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About Jose Garcia Villa
Jose Garcia Villa aka Doveglion. Born in Singalong, Manila on 5 Aug 1908. National Artist in Literature. He is the son of Simeon Villa, Emilio Aguinaldo’s physician, and Guia Garcia. He graduated from the University of the Philippines (UP) High School and enrolled at at the UP College of Medicine in 1925. Villa first tried painting, but then turned into writing after reading Winesburg, Ohio by Sherwood Anderson. His poetry first gained fame—or notoriety—in 1929, when he was suspended for one year by the UP administration for the publication of “Man Song.” His penmame Doveglion (derived from “Dove, Eagle, Lion”) is based on the characters he derived from himself. These animals were also explored by another poet in Doveglion, Adventures in Value, a poem dedicated to Villa.
Villa never finished his medical studies. In 1930 he won the Philippines Free Press literary contest for “Mir-i-nisa” and used the prize money to go to the United States. He enrolled at the University of New Mexico and graduated with a Bachelor of Arts degree and pursued post-graduate work at Columbia University. He taught poetry for a while at the City College of New York, 1964- 1973. He also worked in the Philippine Mission to the U.N., 1954- 1963, and became the vice consul in 1965. After he retired in 1973, he continued to teach professionals in his Greenwich Village residence.
Villa started out as a fictionist, with “Footnote to Youth” and “Mir-I-nisa.” In 1932, “Untitled Story” appeared in anthology by Edward J. O’Brien, who culled from different publications his annual Best American Short Stories and Best British Short Stories. The following year, Footnote to Youth, a collection of Villa’s stories, was published by Charles Scribner’s Sons. Some of the pieces here were later included in Selected Stories, 1962, published in the Philippines by Antonio Florentino.
His first collection of poetry, Have Come, Am Here, 1942, was published in the US and received critical acclaim. Volume Two, 1949, another collection of poetry, was nominated for the Bollingen prize that year, but the award went to Wallace Stevens. In these two volumes, the poet introduced his poetic innovations: the comma poems and reversed consonance. Villa explained that the commas “are an integral and essential part of the medium: regulating the poem’s verbal density and time movement, enabling each word to attain a fuller tonal value and the line movement to become more measured…” On reversed consonance, which is a new method of rhyming,.. never been used in the history of English poetry,” Villa said. “the last sounded consonants of the last syllable, or the last principle consonants of a word, are reversed for the corresponding rime.” “Near” would therefore rime with “run,” “rain,” “green,” or reign.”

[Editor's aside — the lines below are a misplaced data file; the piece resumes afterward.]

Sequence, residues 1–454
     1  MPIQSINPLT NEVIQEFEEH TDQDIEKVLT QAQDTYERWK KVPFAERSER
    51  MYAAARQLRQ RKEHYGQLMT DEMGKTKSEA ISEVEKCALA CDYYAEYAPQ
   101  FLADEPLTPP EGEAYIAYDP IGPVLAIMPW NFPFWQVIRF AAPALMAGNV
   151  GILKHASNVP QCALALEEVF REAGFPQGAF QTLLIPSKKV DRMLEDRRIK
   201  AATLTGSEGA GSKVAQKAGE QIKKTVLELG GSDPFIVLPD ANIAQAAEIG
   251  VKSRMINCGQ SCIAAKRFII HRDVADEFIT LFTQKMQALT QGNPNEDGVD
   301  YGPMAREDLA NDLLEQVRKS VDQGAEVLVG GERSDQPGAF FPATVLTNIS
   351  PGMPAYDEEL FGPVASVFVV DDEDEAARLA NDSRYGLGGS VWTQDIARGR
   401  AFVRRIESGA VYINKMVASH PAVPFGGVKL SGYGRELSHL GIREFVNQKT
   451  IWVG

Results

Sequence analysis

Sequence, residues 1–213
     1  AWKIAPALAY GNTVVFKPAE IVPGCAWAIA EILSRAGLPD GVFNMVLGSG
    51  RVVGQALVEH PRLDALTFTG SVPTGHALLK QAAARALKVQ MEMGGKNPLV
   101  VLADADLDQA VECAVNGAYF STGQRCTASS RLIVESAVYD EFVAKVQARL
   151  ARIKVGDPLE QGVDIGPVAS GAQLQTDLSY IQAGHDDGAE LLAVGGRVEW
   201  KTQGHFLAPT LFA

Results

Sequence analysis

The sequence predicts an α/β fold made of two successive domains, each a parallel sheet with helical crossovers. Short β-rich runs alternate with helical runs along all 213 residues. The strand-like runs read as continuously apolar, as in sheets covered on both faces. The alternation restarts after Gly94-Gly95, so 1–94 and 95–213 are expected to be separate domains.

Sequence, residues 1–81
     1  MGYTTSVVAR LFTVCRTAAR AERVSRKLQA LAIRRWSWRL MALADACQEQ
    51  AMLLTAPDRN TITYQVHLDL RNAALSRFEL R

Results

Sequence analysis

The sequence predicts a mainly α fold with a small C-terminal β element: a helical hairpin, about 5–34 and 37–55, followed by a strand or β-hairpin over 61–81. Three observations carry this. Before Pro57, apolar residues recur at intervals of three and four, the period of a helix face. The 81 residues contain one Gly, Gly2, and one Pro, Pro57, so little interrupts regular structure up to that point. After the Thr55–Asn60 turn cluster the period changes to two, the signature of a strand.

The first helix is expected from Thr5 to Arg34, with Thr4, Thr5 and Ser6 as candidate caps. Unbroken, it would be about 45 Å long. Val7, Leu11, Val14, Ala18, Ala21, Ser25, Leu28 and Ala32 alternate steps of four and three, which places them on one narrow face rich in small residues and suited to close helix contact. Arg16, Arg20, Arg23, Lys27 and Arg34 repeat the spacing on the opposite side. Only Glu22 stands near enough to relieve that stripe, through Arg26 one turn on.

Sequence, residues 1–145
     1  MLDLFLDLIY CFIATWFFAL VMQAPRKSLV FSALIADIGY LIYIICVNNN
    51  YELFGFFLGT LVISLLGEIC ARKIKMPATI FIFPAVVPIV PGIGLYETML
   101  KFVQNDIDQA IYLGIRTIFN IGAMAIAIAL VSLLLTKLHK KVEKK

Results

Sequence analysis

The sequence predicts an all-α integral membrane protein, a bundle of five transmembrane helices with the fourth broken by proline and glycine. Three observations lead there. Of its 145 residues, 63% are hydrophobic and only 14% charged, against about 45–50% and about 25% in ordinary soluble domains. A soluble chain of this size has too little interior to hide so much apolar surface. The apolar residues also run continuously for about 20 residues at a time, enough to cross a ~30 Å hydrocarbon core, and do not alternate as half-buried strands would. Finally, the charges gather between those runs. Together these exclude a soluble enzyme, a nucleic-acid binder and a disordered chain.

Three other collections of Villa’s poems are: Selected Poems and New, 1958, which gathers his works between 1937 and 1957 and selections from two earlier volumes, Poems 55, 1962, published in the Philippines by Alberto Florentino; and Appasionata: Poems in Praise of Love, 1979, a collection of his collection of his finest love poems.
Villa made one of his significant contributions to Philippine fiction as a critic. From 1927 to 1941, he made a selection of the best Philippine short stories in English as published in various periodicals in the country. Called his “Roll of Honor” these yearly selections initially appeared in the Philippines Herald, then in the Philippines Free press, and eventually in the Graphic. Inclusion in the list was deemed an honor and a recognition that one had “arrived” in Philippine literature.
His critical works include “The Best Poems of 1931”; “Fifteen Literary Landmarks,” 1932, published in the Philippine Free Press; and the anthologies Twenty- Five Best Stories of 1928, 1929, The Doveglion Book of Philippine Poetry by Jose Garcia Villa, 1993, edited by Hilario S. Francia. He is also remembered for his part in the “Villa-Lopez controversy” which polarized Filipino writers into the “art for art’s sake” camp and the “art for social utility” camp. He was for art as the end in itself, while S.P. Lopez took the opposite view.
Villa received the American academy of arts and Letter’s Poetry Award, the Shelley Memorial Award, the Guggenheim, Bollingen, and Rockefeller fellowships for poetry. In the Philippines, he received honorable in the Commonwealth Literary Awards, 1940; first prize, UP Golden Jubilee Literary Contest, 1958; an honorary doctorate of literature, Far Eastern University, 1959; Rizal Pro Patria Award, 1961; Republic Cultural Heritage Award for poetry and short story, 1962; and an honorary doctorate in literary form the UP, 1973.
On 12 June 1973, Villa was named National Artist in Literature.
Villa died on February 5, 1997, at the age of 88.
See the Freeway x Jose Garcia Villa collection HERE.